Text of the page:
Monday, 04 February 2013 12:54

BARRY FORD, USTA DIRECTOR OF PUBLIC AFFAIRS AND ADVOCACY, FEATURED IN NEW BOOK ON SUCCESS OF AFTERSCHOOL AND SUMMER PROGRAMS

Written by  USTA Public Relations

WHITE PLAINS, N.Y., February 4, 2013 – The United States Tennis Association (USTA) today announce that Barry Ford, Director of Public Affairs and Advocacy, is featured in a new book titled Expanding Minds and Opportunities: Leveraging the Power of Afterschool and Summer Learning for Student Success. The book will be released at a National Press Club event on February 5th during a live stream beginning at 9am EST at the National Press Club in Washington, D.C.

Ford, a member of the USTA national staff since 2006, contributed a 7-page article titled, “Tennis in Afterschool and Summer Programs – a Winning New Model to Expand Fitness and Learning.” The piece sheds light on how the USTA’s changes to tennis have made the sport more accessible to elementary school-aged children, and easier to implement by schools, afterschool and summer programs.  Tennis is now an excellent way to incorporate high quality physical activity programming during out-of-school time, and now has more of a positive impact on the fight against childhood obesity.

The article also highlights the way in which, since the USTA’s launch of its 10 and Under Tennis initiative in 2012, the association has partnered with non-profits and school systems in three states—Georgia, New Jersey and Virginia—to integrate tennis programming within their afterschool and summer programs. As a result, the Georgia Afterschool Investment Council (GAIC) launched the Georgia Afterschool Tennis and Education Program; the National Junior Tennis & Learning of Trenton (NJTLT) in Trenton, New Jersey developed the Academic Creative and Engagement (ACE) curriculum; and the Newport News Public Schools and Newport News 21stCentury Community and Learning Center programs have implemented 10 and Under Tennis in their local schools.

“I’m thrilled to have had the opportunity to shed light on how the changes in the sport of tennis have made the game an ideal component of any afterschool or summer program,” Ford said. “It is my hope that this article will inspire community and education leaders throughout the country to incorporate tennis into their afterschool and summer programs, not only as a positive and life-long physical activity, but also as a way to support the academic mission of their schools. The USTA’s 10 and Under Tennis initiative now enables the sport to be introduced in any school or community setting, and enables any caring adult to teach the programming without regard for tennis ability or knowledge.”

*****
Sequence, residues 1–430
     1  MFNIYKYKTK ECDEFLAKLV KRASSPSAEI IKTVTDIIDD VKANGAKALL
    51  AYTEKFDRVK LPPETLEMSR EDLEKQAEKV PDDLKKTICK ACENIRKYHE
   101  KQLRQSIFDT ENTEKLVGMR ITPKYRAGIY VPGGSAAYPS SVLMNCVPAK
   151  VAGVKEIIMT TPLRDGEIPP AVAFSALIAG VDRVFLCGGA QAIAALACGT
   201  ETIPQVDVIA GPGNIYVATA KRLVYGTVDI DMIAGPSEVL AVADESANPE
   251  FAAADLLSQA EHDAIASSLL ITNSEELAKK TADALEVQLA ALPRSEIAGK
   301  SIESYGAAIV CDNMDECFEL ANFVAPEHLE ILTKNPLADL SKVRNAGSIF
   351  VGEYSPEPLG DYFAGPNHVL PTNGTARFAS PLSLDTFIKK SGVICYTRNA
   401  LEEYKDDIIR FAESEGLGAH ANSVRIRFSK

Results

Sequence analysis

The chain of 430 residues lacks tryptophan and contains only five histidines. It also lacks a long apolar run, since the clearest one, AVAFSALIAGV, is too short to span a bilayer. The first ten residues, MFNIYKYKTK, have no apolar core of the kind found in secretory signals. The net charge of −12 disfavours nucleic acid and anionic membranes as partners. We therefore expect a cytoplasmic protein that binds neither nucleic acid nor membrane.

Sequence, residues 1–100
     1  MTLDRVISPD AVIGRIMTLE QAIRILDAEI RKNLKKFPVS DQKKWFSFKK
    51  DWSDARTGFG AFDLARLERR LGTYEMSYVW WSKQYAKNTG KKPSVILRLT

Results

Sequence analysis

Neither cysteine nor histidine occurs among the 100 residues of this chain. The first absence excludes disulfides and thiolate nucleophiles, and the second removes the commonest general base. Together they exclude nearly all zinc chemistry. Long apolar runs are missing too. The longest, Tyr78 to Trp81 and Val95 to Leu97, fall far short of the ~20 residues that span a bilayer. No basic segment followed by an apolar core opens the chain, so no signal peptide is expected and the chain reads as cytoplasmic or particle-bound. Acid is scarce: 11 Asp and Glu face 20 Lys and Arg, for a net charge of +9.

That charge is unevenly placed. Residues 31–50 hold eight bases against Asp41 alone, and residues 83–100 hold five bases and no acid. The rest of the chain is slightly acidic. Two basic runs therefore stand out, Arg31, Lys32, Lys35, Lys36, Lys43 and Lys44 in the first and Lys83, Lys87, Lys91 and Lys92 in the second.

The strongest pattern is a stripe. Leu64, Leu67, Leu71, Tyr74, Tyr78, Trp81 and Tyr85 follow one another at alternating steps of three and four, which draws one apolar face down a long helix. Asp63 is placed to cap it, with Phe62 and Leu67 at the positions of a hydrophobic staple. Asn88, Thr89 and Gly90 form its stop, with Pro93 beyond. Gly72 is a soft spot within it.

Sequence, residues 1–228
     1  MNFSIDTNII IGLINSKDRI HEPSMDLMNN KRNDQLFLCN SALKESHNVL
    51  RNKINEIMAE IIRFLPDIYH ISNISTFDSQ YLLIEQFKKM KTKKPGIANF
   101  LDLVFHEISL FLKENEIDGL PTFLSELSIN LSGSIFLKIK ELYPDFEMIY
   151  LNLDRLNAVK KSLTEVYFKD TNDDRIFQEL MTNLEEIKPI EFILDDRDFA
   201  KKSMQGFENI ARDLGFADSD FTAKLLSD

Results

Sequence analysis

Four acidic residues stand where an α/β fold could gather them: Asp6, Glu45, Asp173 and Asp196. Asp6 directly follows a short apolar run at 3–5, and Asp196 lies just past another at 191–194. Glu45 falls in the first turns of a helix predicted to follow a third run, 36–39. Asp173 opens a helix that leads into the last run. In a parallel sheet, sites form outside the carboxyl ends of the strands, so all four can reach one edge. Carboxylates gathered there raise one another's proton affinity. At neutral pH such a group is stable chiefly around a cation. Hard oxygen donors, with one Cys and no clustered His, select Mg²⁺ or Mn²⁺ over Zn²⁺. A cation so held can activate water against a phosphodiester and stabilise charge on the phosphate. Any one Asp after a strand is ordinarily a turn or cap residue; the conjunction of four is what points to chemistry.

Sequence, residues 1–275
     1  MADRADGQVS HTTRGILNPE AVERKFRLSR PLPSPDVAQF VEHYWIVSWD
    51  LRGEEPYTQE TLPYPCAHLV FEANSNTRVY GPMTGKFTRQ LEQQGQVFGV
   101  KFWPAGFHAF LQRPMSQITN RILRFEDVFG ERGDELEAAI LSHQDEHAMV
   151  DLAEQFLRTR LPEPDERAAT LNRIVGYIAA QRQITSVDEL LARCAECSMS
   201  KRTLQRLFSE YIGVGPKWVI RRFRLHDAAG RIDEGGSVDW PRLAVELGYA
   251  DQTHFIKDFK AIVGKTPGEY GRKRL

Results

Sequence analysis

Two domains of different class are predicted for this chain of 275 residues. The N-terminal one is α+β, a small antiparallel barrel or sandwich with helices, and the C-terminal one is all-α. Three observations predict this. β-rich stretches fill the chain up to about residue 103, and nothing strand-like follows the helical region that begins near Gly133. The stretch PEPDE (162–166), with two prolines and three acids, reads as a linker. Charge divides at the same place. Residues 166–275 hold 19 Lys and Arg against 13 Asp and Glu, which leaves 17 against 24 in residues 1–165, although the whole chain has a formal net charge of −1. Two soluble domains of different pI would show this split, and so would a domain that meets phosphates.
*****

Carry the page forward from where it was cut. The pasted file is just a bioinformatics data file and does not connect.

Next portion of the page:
The first-of-its-kind book demonstrates the role afterschool and summer learning play in improving and expanding students’ education, how communities with different demographics are building successful support systems for their students, the role afterschool programs play in education reform, how these programs are helping students become more career and college ready and engaged in learning, and more.

“Afterschool and summer learning programs expand minds and opportunities for America’s kids,” said the book’s executive editor, Terry K. Peterson, Ph.D., at the book release event in Washington, D.C. “This book presents strong evidence that quality afterschool and expanded learning opportunities contribute to student success and should be moved from the margins of the education reform agenda to being one of the important tools and strategies leveraged to help more young people catch up, keep up, and get ahead.”

“We hope that all those involved in education can use the research, best practices, and examples in this book to make their programs the best they can be to help more young people reach their maximum potential,” said Peterson.

The book may be ordered through Amazon.com and individual articles will be available for free download at http://www.expandinglearning.org/expandingminds.

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